History and Future Vision | Pastor’s Column
Pastor’s Column January 2005
by K Karpen
One day last month we hosted a group of doctoral students from New York Theological Seminary. One student, a Korean-American pastor, arrived early and didn’t like what he saw. This is how he put it in an essay he wrote later:
“As I entered the church, I was shocked by the scene. I entered the door to the sanctuary. People were exercising in the corner of the sanctuary at 9:00 am. It was very strange for me. On the opposite corner, there were a lot of clothes. Some people who looked like counselors were helping people with documents on their desks. I couldn’t imagine I was in a sanctuary. In my view, sanctuary must be clean, calm, holy and dignified. To be honest, it looked like a gym and a storeroom. The ceiling is domed and there was no cross. Yankee Stadium.”
There are days I agree with that. We have a gorgeous sanctuary that is the spiritual home to hundreds of us, and thousands of other people as well. A sanctuary is a special place. A different kind of space. Sacred space.
The week before Christmas I walked through the sanctuary to find bikes filling the chancel. The building across the street was clearing out their basement and the food pantry staff went over, picked up these great, unwanted bikes, cleaned them up, oiled them, and were giving them out to people who needed them. The choir pews were overflowing with toys donated to the church so the children of food pantry customers could have something for Christmas. It looked awful. But was it somehow sacred as well?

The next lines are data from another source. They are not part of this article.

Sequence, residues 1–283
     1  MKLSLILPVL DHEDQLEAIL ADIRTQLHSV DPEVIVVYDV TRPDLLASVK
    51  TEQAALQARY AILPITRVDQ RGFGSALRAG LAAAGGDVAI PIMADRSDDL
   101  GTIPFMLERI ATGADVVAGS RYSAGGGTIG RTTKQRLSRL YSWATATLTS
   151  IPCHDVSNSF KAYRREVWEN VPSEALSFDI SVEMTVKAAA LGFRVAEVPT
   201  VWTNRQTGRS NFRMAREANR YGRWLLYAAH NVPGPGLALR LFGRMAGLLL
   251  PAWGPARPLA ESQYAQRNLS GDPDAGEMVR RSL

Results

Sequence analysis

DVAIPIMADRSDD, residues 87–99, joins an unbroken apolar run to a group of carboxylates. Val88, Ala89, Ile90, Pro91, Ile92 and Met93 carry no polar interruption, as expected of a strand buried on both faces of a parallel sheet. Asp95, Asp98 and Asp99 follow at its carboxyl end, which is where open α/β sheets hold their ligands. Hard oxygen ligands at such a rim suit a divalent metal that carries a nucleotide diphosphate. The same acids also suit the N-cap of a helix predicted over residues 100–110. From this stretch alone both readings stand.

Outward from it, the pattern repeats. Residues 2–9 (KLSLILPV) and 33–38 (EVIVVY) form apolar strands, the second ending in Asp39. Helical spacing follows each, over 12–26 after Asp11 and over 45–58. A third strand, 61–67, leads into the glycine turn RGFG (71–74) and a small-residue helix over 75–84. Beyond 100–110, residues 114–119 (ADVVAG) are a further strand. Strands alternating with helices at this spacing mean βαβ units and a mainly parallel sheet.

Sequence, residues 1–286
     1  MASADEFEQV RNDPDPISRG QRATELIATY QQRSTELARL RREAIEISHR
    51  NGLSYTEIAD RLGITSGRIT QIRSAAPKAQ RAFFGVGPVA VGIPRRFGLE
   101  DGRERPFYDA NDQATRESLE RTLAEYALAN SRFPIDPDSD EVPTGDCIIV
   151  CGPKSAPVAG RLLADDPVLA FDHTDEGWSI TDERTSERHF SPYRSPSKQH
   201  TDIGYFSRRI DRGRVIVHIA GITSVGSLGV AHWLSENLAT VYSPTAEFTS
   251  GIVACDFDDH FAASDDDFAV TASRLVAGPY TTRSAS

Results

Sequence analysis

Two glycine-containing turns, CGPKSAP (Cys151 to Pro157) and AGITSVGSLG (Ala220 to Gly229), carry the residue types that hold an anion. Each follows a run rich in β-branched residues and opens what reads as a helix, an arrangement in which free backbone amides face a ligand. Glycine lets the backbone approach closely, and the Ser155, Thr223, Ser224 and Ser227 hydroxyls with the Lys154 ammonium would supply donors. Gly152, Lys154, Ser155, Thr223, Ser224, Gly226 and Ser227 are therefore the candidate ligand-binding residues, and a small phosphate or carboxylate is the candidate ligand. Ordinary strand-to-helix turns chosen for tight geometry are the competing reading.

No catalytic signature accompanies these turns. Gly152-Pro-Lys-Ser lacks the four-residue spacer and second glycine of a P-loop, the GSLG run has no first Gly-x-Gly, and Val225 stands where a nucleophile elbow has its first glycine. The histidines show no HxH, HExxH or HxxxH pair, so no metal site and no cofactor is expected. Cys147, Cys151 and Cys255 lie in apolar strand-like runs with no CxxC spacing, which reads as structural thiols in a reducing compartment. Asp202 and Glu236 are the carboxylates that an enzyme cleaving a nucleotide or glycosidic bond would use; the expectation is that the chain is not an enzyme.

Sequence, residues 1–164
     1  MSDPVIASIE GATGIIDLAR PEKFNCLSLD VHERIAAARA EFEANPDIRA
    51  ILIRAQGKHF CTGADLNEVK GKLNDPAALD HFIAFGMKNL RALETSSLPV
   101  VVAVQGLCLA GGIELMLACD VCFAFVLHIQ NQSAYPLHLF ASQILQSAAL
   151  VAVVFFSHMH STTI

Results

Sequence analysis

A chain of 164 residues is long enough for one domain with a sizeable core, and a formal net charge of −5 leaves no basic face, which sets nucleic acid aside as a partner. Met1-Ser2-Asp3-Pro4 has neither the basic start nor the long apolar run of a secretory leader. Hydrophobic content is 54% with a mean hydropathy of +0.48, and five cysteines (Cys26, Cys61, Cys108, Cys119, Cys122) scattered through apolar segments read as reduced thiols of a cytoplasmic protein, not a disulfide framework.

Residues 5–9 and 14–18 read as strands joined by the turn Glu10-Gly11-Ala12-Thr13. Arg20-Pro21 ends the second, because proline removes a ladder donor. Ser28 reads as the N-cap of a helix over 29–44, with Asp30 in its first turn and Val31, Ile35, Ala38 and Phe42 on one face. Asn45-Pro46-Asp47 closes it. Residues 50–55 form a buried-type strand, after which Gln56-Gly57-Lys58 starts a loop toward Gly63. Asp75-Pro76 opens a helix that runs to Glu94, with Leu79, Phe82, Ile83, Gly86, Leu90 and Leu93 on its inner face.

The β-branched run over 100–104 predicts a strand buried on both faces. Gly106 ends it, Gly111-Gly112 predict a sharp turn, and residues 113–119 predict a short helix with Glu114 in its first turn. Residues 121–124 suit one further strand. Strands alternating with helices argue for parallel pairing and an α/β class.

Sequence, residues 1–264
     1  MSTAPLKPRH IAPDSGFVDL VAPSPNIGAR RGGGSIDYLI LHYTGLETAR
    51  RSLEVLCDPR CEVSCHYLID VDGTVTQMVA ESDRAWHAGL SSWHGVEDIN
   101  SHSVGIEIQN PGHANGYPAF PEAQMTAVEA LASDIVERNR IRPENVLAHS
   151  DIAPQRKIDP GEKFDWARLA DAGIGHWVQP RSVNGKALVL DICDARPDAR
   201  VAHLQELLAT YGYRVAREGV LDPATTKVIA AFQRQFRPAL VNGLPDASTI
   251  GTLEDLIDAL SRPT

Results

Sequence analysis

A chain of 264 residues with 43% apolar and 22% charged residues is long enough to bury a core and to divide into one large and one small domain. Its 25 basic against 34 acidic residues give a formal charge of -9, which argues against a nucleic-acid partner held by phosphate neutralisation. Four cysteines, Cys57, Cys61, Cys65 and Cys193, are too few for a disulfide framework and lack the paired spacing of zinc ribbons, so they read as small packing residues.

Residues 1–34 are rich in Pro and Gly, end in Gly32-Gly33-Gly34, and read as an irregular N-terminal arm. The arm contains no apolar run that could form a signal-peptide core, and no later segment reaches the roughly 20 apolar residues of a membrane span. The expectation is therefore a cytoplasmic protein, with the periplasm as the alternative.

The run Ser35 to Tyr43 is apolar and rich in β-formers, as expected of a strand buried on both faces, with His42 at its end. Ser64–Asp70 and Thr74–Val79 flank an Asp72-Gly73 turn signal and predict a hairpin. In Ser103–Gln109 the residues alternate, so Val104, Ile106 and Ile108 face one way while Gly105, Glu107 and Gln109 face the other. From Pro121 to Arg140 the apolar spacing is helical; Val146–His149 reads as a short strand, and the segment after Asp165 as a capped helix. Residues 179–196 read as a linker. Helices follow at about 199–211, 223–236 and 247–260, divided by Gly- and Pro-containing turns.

When I first began to read that student’s essay, I felt a little embarrassed and little bit guilty. But the essay went on:
“Have you ever thought about the meaning of church? It is not just a building. Furthermore, it is not an antique thing. Church is for people who have needs, who need services. It has to be not only a sanctuary but a house for people. St. Paul & St. Andrew is much more than a house of worship,” he concluded. “The church is a real house of God for the poor.” Wow. I didn’t feel so bad after that.
A friend from high school visited and wrote, “I love your church, K. I love that your sanctuary is also a closet; your halls store carrots; the entry is crammed with strollers. It’s the first church I have been in in a long time where I can feel anything good. I love that you seem to regard the building as clay or cloth — something to be molded and tailored around the needs of the people you are there for.” When a kid who has nothing gets something to play with, maybe that’s sacred after all.